“South Africa experiences major power shortages with rolling blackouts on a regular basis, therefore implementing a rock solid energy control networking platform for Clearwater Mall and its tenants was of utmost importance,” said Graeme Mellis, director of PMT. “The Echelon solution with our Meteringonline system software created a perfect micro grid solution for Clearwater Mall to deliver multiple applications to its tenants, such as submetering, selective back up generation and consolidated billing.”
According to Pike Research, interest in implementing micro grids is spreading among educational, commercial, government, healthcare, industrial, and research campuses. A new report from Pike Research forecasts that total installed generation capacity for campus micro grids will increase by 164% between 2011 and 2017, rising from 620 megawatts (MW) to 1.6 gigawatts (GW).
By the end of the forecast period in 2017, the clean tech market intelligence firm anticipates that the campus micro grid market will reach $777 million in annual revenue.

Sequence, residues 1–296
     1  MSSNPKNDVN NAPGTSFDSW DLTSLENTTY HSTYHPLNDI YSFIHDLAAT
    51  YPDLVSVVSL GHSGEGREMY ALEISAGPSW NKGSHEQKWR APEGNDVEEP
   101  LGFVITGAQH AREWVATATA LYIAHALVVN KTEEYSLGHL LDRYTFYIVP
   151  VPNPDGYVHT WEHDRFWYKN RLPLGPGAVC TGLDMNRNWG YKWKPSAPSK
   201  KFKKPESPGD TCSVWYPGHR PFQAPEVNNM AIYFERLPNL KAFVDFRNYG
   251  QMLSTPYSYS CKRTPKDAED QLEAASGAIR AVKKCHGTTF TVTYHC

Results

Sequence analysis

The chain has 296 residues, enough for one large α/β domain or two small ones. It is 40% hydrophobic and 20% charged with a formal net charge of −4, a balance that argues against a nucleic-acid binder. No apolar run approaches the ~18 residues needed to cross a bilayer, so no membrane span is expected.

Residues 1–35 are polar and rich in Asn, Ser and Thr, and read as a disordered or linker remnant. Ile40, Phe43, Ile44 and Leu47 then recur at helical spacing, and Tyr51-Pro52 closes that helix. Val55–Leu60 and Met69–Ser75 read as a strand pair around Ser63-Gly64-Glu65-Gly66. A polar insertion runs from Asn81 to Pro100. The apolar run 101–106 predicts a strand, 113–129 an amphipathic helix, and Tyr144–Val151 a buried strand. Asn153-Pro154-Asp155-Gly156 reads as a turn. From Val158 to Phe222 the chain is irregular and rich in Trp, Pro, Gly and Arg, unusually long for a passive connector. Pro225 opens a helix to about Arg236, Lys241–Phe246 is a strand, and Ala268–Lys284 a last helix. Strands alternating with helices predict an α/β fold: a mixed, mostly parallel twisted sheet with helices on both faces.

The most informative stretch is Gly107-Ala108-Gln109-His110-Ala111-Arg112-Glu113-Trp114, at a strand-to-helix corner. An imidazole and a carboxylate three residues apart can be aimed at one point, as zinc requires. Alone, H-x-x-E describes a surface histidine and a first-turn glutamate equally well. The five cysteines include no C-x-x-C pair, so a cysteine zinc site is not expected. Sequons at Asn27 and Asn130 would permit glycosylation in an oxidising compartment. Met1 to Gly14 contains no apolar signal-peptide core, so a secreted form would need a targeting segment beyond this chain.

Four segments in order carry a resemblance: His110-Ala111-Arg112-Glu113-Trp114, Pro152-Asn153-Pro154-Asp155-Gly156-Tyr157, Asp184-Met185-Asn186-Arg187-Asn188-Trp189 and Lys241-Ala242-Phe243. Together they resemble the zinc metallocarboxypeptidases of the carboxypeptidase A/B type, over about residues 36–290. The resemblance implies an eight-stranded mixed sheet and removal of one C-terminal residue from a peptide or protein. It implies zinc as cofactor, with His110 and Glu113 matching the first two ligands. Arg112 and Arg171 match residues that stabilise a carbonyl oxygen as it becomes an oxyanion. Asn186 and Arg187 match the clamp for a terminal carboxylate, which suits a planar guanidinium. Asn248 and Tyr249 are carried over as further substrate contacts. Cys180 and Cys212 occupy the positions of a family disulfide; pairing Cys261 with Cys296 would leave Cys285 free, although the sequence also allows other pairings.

“Micro grids are an aggregation and optimization platform that can squeeze the most value out of existing and new distributed energy assets, whether they are solar photovoltaic generation technology or smart meters enabling demand response.
Micro grids are the building blocks of a smart grid whose modularity can shrink energy consumption by 10 to 15% through more intelligent networking,” said Peter Asmus, senior analyst at Pike Research.